# Helicopter Rotor Lift Equation

by Flabbyflab
Tags: equation, helicopter, lift, rotor
 P: 2 Hello! I am creating, or at least attempting to create, a human-powered helicopter. I need an equation to figure out the lift from the rotors. I plan to use four counter-rotating rotors, three blades each, and each blade made of foam, with aluminum ribbing. The blades will be six feet each. Any other general information that might help would be greatly appreciated. Thanks!
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 Quote by Flabbyflab Hello! I am creating, or at least attempting to create, a human-powered helicopter. I need an equation to figure out the lift from the rotors. I plan to use four counter-rotating rotors, three blades each, and each blade made of foam, with aluminum ribbing. The blades will be six feet each. Any other general information that might help would be greatly appreciated. Thanks!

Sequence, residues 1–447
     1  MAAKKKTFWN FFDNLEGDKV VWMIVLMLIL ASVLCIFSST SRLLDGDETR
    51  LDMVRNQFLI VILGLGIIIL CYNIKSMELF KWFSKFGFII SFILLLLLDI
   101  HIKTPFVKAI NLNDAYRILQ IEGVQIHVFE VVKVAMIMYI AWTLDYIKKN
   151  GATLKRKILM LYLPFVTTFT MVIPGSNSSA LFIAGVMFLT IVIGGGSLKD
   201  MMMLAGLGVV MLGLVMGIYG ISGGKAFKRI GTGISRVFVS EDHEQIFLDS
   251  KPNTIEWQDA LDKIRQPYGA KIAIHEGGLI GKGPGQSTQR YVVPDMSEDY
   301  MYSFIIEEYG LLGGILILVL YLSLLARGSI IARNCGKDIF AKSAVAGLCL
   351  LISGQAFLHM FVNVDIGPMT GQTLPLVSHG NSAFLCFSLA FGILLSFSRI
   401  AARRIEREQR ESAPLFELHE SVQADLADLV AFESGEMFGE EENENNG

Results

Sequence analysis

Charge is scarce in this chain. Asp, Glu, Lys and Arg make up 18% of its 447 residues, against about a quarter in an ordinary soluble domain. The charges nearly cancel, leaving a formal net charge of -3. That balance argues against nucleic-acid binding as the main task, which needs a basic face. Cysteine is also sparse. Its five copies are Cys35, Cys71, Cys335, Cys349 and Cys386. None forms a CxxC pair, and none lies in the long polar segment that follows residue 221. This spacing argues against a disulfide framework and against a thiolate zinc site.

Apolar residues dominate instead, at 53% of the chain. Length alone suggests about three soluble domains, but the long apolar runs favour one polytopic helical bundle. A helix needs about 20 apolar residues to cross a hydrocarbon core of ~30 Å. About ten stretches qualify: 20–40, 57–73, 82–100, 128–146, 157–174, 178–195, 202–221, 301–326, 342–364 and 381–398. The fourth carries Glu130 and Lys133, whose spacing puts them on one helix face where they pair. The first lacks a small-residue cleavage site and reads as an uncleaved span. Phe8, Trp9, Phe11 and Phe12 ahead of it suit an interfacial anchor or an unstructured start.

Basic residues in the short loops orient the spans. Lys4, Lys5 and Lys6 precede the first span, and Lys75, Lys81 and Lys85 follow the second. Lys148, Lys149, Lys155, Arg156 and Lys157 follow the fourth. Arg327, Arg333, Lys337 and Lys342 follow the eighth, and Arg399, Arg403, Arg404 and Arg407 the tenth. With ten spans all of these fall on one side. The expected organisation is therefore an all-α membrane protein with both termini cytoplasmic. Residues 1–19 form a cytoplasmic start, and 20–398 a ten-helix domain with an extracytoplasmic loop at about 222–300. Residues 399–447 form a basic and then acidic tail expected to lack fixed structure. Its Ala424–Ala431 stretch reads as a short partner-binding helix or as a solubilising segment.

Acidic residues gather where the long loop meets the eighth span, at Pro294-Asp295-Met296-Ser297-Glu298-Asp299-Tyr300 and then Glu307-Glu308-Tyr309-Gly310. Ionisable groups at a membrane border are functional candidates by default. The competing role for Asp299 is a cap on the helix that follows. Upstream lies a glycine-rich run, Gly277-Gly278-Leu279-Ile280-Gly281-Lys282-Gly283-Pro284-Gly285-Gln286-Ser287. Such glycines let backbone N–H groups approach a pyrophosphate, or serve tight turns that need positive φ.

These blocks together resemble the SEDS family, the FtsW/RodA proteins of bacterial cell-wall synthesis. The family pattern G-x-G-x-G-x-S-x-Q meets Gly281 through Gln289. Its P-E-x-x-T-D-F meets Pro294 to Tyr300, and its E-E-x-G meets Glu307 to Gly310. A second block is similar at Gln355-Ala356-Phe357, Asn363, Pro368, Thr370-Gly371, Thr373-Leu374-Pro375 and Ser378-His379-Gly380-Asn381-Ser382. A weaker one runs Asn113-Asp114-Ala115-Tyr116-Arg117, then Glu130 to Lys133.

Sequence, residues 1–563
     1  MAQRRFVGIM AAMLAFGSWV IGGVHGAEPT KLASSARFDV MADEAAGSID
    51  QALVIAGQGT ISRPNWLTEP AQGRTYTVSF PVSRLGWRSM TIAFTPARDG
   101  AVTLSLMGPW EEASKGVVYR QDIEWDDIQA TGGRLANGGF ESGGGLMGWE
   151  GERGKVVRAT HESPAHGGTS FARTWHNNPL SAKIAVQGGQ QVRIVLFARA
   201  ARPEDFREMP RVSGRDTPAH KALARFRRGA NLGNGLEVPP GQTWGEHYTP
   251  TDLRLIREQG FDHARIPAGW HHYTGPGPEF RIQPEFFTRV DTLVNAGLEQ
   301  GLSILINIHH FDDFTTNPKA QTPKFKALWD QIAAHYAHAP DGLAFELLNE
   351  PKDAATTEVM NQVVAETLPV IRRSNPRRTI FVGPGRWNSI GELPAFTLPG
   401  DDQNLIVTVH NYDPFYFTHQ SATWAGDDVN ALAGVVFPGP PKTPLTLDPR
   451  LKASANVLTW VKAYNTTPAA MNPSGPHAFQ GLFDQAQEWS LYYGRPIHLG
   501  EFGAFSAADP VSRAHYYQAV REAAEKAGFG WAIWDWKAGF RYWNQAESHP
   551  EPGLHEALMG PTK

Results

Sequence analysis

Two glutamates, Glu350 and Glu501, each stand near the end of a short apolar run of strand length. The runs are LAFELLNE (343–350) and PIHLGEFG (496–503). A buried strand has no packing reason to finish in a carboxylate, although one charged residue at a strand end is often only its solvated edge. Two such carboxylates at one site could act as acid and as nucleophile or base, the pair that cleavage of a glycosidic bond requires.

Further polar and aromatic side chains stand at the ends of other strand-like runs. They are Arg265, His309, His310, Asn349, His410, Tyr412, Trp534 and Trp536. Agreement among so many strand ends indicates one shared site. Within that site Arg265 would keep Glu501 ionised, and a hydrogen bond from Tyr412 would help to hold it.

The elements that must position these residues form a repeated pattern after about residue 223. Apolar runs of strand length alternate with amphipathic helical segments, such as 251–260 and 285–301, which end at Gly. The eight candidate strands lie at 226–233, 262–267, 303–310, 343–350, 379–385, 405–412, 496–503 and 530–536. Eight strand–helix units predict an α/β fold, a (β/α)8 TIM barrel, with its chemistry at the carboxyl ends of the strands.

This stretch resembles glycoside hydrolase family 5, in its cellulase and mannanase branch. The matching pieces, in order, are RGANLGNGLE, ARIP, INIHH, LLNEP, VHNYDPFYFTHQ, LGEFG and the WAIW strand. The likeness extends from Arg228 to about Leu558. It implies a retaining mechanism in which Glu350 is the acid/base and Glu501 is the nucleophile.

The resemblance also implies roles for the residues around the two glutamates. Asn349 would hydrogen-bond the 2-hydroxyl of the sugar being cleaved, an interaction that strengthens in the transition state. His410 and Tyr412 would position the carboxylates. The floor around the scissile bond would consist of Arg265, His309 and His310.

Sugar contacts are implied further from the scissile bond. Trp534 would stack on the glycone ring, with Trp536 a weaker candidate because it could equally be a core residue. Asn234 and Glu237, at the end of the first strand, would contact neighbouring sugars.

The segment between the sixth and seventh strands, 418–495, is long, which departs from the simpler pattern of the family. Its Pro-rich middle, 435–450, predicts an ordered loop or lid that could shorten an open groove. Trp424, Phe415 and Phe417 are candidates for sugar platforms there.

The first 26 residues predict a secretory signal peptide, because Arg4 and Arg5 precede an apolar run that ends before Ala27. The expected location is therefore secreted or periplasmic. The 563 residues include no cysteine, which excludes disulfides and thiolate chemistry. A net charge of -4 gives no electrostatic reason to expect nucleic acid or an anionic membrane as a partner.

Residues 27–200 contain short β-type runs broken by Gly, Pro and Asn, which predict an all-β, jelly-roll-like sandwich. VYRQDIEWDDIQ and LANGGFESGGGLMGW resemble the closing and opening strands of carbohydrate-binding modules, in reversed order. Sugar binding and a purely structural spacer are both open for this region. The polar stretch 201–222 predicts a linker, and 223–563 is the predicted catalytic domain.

You're going to need to know the airfoil profile to calculate an estimate of the expected lift:

http://en.wikipedia.org/wiki/Lift_(force)
 P: 42 The problem is that the "airfoil's " of a helicopter aka the propellor blades' motion through the air actually changes the air pressure by an amount not described anywhere that I can personally find on the internet, yet. I have the same question as the OP.
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## Helicopter Rotor Lift Equation

Whenever I find someone trying to design and test an experimental system I immediately search for examples of others who have already worked on the same type of system. By studying their work and results the repetition of many of their trials and errors can be avoided. And the successful schemes they discovered may be adopted to your new project. In case you have not yet done so please see:

http://en.wikipedia.org/wiki/Human-powered_helicopter

“The current world record for human-powered helicopters is held by a craft named Yuri I, built by a team from the Nihon Aero Student Group (NASG).”

http://www.humanpoweredhelicopters.org/yuri1/index.htm

afterthought: By the way, in the helicopter world they are not called "propeller blades". The accepted term is "rotary wing".

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